My Favorite Tiny House--Built for $28K

http://www.motherearthliving.com/The-Good-Life/my-favorite-tiny-house-built-for-28k.aspx

Of all the homes I’ve visited and documented for Natural Home magazine over the past decade, ranging from grandiose to grass roots, I’ll always hold a place in my heart for Denise Franklin’s 280-square-foot cottage in the Okanagan mountains near Oliver, British Columbia. Denise’s simple, solidly built, brilliantly designed home, aptly named Quietude, provides her “a place to pray, meditate, prepare my food and entertain my friends, and a warm place to lay my head at night.”  She built it for $28,000.

Denise has a long-term lease on a half-acre parcel of land that’s perfect for growing herbs and vegetables. Her simple house—four equal sides supporting a vaulted roof with a skylight in the middle—is designed as a mandala. Built around an open center with structural members that contribute equally to the whole, the shape evokes wholeness and order. “A mandala is a resolved space that’s at peace with itself because it’s complete,” explains architect Henry Yorke Mann, who designed Denise’s home. “This complete, regular geometry helps one be at peace.”

Mann, who has been designing and building houses in British Columbia since 1962, believes that a home is a failure if it doesn’t enhance the human soul. “Even with an extreme budget, it’s possible to build an environmentally sound home that enhances the joy, life and soul of humans,” he says.

“The simple eloquence of Henry’s design made for inexpensive material costs in both construction and finishing,” says Ken Silbernagel, who built Quietude almost single-handedly, using materials sourced within 100 miles of the site.

Silbernagel built Denise’s home with inexpensive lodgepole pine, the Okanagan’s most prevalent wood. He used boards remanufactured from the culls of larger boards (wood that would otherwise have been thrown away). Because all four sides of the house are identical, he also cut costs by having all the boards and beams cut together.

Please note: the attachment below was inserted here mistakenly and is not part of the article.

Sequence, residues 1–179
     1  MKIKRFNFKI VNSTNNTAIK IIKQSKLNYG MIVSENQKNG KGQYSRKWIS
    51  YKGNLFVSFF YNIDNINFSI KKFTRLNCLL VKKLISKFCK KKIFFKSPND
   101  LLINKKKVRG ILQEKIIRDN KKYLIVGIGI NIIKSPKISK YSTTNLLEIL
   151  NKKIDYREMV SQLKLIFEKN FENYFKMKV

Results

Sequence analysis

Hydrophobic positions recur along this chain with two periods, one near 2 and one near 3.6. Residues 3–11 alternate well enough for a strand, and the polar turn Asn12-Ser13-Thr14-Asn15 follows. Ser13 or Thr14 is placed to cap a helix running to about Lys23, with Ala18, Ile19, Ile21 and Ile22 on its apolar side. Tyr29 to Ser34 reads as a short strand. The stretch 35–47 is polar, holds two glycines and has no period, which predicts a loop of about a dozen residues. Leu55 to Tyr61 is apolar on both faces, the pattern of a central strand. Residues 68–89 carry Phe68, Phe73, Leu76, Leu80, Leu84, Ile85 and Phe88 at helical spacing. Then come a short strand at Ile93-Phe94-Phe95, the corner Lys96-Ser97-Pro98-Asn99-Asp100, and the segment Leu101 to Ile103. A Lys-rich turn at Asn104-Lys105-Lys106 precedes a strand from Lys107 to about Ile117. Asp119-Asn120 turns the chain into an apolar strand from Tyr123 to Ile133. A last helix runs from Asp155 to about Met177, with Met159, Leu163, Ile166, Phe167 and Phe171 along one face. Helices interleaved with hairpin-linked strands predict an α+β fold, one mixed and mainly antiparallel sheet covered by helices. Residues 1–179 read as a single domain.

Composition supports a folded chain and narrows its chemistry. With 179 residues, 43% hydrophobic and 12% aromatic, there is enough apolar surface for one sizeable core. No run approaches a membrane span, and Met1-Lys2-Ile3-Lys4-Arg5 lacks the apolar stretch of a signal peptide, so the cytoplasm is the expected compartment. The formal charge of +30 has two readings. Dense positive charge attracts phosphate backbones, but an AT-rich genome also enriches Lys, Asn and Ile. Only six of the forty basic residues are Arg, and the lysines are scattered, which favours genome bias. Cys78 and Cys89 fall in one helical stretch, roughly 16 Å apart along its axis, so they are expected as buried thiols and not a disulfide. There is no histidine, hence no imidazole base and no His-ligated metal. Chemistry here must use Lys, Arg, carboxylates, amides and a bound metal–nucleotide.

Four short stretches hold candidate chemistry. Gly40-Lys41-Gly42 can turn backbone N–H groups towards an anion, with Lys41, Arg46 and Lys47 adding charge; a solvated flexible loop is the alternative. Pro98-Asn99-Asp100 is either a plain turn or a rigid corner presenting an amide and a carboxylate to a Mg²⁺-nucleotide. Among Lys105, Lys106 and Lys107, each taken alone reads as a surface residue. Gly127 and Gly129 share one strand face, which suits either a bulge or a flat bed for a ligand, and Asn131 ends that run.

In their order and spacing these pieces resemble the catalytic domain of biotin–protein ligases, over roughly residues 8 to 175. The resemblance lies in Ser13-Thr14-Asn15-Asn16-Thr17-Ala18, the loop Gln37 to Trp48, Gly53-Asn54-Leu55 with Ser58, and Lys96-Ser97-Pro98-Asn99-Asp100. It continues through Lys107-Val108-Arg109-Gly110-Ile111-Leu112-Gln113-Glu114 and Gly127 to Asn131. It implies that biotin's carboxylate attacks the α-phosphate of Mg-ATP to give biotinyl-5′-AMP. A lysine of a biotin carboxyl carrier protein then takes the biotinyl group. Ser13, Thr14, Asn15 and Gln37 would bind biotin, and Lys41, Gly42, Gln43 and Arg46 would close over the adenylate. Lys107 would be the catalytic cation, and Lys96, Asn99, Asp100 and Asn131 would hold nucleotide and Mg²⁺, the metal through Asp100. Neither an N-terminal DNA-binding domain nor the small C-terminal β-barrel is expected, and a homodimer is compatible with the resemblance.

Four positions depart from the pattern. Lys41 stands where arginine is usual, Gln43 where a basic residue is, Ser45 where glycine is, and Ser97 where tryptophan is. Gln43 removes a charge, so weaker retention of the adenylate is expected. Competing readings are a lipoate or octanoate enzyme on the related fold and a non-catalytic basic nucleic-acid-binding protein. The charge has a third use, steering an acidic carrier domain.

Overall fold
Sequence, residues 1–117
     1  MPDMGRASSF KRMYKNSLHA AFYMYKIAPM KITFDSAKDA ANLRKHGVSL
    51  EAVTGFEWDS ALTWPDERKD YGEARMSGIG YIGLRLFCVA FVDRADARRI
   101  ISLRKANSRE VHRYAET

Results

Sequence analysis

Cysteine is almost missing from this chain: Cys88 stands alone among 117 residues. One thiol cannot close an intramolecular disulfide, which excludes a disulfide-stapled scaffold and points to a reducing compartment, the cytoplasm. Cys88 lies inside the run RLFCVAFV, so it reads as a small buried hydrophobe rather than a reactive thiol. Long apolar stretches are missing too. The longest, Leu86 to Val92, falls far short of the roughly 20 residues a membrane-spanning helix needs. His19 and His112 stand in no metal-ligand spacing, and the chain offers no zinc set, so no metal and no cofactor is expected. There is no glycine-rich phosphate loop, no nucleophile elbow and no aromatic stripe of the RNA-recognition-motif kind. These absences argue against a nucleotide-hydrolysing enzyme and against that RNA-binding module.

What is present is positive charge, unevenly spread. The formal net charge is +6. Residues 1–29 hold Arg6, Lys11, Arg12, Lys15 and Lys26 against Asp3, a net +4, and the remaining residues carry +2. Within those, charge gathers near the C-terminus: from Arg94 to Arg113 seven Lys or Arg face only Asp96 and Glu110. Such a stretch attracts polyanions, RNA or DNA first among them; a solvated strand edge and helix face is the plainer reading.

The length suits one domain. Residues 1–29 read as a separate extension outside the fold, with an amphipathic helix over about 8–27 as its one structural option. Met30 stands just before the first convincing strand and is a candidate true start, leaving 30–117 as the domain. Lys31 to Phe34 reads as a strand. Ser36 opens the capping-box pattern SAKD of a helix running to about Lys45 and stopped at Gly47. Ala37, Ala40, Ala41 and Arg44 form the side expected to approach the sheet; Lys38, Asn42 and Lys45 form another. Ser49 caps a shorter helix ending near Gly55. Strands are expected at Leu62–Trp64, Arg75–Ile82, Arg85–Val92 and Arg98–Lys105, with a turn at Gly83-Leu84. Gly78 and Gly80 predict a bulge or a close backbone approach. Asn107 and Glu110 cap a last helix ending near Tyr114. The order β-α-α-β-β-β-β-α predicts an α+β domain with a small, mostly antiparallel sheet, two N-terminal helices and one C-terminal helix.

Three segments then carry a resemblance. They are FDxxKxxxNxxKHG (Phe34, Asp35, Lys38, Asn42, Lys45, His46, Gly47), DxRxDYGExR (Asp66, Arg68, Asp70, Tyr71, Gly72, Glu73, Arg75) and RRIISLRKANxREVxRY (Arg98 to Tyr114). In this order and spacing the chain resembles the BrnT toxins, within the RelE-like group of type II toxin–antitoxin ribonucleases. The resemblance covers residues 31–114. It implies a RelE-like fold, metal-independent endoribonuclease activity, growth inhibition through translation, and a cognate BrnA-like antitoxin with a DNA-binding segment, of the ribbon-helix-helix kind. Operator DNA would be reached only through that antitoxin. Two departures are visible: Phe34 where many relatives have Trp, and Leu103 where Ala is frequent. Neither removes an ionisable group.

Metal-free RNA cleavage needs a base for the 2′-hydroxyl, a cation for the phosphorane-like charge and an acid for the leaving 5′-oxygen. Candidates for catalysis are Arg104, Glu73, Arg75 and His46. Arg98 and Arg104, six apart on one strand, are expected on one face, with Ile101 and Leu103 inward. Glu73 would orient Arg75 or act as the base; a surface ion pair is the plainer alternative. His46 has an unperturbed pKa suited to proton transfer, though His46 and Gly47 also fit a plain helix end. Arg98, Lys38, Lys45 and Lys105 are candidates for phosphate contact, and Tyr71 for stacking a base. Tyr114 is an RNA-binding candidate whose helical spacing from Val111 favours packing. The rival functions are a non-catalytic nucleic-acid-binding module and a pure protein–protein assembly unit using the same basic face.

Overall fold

Mann used the following techniques to keep costs low:

 • Kept the size to 300 square feet plus a 100-square-foot basement for storage.

• A simple, small propane fireplace is more than ample to heat this home.

• All building supplies were obtained locally.

• Kept finishing to a minimum. The wood walls and framing were finished only with drying oil, and the floor with Danish oil.

• The structure is repetitive on all four sides, allowing for identical cuts on framing and siding.

• Because the house is so small, the electrical service is minimal.

• Used the lowest-cost insulated metal roofing.

• Achieved maximum storage using hiding tactics common in yacht and trailer construction.

quietude denise 1 

Denise feeds herself all summer (and beyond) from her garden, where she grew carrots, beets, garlic, beans, peas, potatoes, lettuce, basil summer savory, dill, tarragon, lemon sage, thyme, mint parsnips, kale, cauliflower and more. Photo by Stuart Bish 

quietude denise 2 

Architect Henry Yorke Mann calls the living area the 'quiet soul of a home.' Photo by Stuart Bish 

quietude denise 3 

Tucked in a corner next to the living area, Denise's efficient kitchen provides everything she needs to entertain. Photo by Stuart Bish